It was once believed that, although most modern technologies caused pollution, the prosperity they engendered would allow countries to re-invest in green technology. This would create an ‘environmental Kuznets curve’ (EKC) where pollution would peak, and then fall, as a society became more prosperous. Stern found, however, that:

When we…take diagnostic statistics and specification tests into account and use appropriate techniques, we find that the EKC does not exist…Instead, we get a more realistic view of the effect of economic growth and technological changes on environmental quality. It seems that emissions of most pollutants and flows of waste are monotonically rising with income…Income-independent, time-related effects reduce environmental impacts in countries at all levels of income”.

Stern illustrates the paradox of productivity precisely. There is no automatic relationship between prosperity and reductions in pollution. The geopolitical fallout of reliance on fossil fuels shows, too, that the EKC hypothesis failed to account for far too many factors to be valid. As Popper predicted, humanity’s limited ability to foresee the full consequences of its actions created a crisis that it could have avoided. One of Stern’s ‘income-independent effects’ that applies to all countries, regardless of income, can be seen in regulation at the state level, coordinated at the treaty level.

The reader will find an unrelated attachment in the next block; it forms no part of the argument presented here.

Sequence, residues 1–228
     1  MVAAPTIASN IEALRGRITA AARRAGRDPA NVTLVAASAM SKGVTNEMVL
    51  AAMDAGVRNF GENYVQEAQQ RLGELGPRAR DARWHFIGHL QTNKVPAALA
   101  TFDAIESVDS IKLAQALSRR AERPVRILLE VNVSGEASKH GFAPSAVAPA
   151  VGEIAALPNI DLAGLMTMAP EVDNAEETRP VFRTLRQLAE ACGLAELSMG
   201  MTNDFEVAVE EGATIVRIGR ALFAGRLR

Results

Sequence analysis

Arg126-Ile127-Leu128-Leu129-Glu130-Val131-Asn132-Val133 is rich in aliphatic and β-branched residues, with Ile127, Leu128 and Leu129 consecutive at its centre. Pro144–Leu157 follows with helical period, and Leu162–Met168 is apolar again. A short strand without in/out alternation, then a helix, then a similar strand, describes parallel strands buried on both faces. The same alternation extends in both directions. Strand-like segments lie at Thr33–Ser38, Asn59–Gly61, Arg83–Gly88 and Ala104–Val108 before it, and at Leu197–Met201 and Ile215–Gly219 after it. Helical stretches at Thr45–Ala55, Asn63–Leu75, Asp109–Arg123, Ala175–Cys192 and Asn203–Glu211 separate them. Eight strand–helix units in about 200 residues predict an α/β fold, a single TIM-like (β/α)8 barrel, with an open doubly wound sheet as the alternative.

Popper’s approach of ‘piecemeal legal engineering’ has value in an attempt to approach the energy-consumption problem that DLT poses.

II. Legal Approaches to Global Climate Crisis

a) Problems of Applying the Crime of Ecocide to DLT

The Stop Ecocide Foundation has proposed adding a new crime to the Rome Statute: the crime of ecocide. The roots of this proposal extend back to the 1970s, but the Foundation’s work took shape in 2021. The Independent Expert Panel proposes to define the crime of ecocide as ‘unlawful or wanton acts committed with knowledge that there is asubstantial likelihood of severe and either widespread or long-term damage to the environment being caused by those acts.’ The term ‘wanton’ is defined as: ‘with reckless disregard for damage which would be clearly excessive in relation to the social and economic benefits anticipated.’